By Joseph McDonough
What a party. Wow.
The Musical Theater Department at the University of Cincinnati College-Conservatory of Music is producing the sizzling off-Broadway hit The Wild Party, and it is indeed a wild and wonderful time.
The Wild Party, music, lyrics and book by Andrew Lippa, is based on the 1926 epic poem by Joseph Moncure March that chronicles Manhattan decadence in the 1920s.
Dancer Queenie (a fabulous Angel Reda) decides to throw a party to make her lover Burrs (intriguing Eric Daniel Santagata) jealous and angry. As the night wears on, the party and their lust/hate relationship spin dangerously out of control.
Director Aubrey Berg gets inspired work out of each of the 19 members of his company. It makes for a show to remember.
With Diane Lala's powerful, sensual choreography, the cast is infectiously energetic as they hoof and sing through Lippa's appealing Jazz Age score.
Reda is sexy and smart as troubled Queenie, quite sympathetic but not all victim. She shows a strong vocal range in several numbers, especially "Out of the Blue" and "Raise the Roof."
Burrs is a crying-on-the-inside vaudeville clown. Santagata displays the multiple sides of Burrs, from the rousing song and dance of "Let Me Drown" to the ever-lurking self-loathing of this violent man living on the edge.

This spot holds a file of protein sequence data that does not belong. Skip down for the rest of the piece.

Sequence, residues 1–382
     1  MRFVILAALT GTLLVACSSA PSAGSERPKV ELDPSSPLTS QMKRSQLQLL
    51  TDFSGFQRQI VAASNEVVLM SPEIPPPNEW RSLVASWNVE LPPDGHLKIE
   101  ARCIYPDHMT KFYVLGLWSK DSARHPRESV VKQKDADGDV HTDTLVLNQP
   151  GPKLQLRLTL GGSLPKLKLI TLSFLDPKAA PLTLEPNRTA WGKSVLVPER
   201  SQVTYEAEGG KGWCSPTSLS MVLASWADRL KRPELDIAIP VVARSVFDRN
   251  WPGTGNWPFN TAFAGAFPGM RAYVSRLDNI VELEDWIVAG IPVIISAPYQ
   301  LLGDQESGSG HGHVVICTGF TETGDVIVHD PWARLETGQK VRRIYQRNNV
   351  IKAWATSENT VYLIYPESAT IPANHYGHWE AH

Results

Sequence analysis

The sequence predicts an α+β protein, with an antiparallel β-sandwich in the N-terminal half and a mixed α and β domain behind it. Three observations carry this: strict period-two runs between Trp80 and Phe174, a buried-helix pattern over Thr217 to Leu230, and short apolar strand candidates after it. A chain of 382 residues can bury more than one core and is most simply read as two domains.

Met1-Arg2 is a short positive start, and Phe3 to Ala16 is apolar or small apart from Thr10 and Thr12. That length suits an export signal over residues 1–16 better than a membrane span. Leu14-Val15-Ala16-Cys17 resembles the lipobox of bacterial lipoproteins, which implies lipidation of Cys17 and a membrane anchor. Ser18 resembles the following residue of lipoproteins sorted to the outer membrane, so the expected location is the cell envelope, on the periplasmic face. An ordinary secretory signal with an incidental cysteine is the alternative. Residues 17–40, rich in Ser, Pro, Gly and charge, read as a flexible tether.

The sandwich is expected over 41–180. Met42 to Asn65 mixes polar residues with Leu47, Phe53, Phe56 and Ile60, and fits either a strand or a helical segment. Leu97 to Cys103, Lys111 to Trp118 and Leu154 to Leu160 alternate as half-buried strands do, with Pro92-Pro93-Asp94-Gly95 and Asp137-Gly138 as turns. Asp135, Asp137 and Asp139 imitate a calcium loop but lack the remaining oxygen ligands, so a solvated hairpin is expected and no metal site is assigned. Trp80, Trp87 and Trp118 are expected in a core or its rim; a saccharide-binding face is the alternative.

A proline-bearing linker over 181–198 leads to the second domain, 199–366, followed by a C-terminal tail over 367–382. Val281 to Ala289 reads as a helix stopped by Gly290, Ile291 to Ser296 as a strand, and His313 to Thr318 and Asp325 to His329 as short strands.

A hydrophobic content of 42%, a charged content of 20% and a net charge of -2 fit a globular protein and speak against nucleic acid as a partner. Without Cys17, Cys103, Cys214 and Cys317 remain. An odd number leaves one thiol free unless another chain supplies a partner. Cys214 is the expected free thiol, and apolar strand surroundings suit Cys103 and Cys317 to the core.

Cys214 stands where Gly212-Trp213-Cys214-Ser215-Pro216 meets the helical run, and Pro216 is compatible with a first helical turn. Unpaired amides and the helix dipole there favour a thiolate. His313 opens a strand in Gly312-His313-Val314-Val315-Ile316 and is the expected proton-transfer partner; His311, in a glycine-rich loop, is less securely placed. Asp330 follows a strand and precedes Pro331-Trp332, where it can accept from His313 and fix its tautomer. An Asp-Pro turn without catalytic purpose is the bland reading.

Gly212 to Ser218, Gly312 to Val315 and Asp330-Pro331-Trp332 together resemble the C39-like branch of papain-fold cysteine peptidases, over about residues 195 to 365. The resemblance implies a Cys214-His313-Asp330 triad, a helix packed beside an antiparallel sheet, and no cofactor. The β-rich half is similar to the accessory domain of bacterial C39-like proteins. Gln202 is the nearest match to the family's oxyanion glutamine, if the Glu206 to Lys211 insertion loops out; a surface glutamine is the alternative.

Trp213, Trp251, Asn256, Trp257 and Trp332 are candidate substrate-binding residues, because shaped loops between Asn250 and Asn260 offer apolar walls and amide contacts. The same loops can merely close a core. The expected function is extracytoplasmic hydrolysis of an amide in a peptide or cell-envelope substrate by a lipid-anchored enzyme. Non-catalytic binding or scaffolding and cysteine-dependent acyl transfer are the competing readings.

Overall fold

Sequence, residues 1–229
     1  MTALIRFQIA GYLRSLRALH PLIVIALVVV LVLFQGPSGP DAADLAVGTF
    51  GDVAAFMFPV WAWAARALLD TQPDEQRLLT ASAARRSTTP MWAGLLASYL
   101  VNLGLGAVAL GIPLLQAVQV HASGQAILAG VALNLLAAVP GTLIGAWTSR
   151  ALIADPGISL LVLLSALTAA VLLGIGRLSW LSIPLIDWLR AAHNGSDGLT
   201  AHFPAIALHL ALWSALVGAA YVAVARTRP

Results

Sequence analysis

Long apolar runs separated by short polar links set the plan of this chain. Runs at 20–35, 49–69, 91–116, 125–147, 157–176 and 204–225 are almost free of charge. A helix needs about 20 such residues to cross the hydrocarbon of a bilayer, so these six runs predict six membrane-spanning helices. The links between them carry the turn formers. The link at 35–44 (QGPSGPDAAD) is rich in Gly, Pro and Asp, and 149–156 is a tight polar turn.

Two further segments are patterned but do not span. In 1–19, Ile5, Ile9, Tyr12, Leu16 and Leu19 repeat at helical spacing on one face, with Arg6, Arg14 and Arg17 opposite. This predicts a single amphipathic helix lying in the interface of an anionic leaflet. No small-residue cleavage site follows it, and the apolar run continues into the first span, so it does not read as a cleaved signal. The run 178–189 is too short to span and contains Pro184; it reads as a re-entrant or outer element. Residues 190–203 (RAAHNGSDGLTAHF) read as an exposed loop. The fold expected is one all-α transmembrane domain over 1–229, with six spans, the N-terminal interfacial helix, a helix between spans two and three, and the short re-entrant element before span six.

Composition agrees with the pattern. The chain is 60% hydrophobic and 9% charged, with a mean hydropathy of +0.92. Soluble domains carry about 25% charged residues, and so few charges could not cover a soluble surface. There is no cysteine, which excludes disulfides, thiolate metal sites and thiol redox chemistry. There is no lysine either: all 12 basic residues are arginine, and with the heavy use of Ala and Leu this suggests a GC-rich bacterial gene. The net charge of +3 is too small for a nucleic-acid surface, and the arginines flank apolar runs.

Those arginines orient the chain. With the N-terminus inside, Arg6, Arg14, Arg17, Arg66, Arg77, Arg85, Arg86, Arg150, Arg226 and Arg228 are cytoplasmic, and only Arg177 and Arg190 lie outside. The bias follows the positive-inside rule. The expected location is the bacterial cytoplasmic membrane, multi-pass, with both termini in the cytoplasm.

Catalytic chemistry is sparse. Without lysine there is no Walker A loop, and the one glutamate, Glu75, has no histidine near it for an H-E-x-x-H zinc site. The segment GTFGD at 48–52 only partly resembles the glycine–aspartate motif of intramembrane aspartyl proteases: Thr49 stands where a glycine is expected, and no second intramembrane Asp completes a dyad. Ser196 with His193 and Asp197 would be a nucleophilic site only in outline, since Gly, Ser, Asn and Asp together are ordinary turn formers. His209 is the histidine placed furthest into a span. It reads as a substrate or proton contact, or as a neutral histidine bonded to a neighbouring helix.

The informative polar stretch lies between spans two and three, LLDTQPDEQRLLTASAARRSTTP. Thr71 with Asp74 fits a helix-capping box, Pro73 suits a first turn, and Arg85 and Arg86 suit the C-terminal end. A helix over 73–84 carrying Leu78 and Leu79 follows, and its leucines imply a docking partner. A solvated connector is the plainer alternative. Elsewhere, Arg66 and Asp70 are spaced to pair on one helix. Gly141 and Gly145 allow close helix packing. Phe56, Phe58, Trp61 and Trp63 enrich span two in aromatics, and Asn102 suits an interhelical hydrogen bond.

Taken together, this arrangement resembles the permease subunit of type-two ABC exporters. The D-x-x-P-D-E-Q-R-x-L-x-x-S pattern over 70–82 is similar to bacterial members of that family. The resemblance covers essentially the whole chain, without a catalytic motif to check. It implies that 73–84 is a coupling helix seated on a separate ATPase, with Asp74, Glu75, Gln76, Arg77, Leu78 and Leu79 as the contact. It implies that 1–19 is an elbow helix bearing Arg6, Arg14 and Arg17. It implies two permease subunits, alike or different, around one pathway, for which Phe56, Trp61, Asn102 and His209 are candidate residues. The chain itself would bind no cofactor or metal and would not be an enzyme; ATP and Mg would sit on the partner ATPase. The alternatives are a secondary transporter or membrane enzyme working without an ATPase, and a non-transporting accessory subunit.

It's hard to stand out from such a terrific ensemble, but Kearran Giovanni gives a fine performance as a tough cocaine addict who becomes attracted to Burrs. She opens the second act with the vibrant "The Life of the Party."
Also strong is J. Michael Kinsey, the decent uptown guy who falls for Queenie at the party. He scores vocally with the sweet "I'll Be Here" and the climactic "Make Me Happy" with Queenie and Burrs.
Lindsay Pier has a first act showstopper with "An Old-Fashioned Love Story," a funny send-up of the search for lesbian romance.
Musical director Greg Anthony deserves his share of the credit, as do the 11 musicians he conducts.
Mark Halpin's beautiful set has a perfectly period living area, bedroom, bathroom and fire escape, all spun around on a huge turntable in front of a painted backdrop of a polluted Roaring '20s New York City.
The lighting design by Steven C. Mack projects the eerie pizazz of the party with flashes of color throughout.
Kudos also go to Dean Mogle for the flapper era costumes.
The Wild Party continues Thursday through Sunday, 556-4183. CCM advises that the show is recommended for mature audiences.
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